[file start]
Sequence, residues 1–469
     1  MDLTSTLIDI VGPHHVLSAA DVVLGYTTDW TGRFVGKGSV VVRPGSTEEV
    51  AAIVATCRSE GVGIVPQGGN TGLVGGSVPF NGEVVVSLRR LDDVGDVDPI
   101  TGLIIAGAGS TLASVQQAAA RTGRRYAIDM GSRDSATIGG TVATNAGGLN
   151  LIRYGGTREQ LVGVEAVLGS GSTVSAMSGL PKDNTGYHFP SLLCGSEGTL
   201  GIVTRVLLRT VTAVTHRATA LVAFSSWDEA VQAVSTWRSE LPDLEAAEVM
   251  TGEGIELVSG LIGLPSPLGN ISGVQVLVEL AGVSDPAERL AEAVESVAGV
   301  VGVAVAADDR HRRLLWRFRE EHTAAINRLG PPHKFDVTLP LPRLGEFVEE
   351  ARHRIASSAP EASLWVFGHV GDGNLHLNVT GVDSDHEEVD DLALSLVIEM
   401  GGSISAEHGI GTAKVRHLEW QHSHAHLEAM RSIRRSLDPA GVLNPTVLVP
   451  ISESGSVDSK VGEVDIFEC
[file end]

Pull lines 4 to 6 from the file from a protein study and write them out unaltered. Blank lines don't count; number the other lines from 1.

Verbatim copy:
   101  TGLIIAGAGS TLASVQQAAA RTGRRYAIDM GSRDSATIGG TVATNAGGLN
   151  LIRYGGTREQ LVGVEAVLGS GSTVSAMSGL PKDNTGYHFP SLLCGSEGTL
   201  GIVTRVLLRT VTAVTHRATA LVAFSSWDEA VQAVSTWRSE LPDLEAAEVM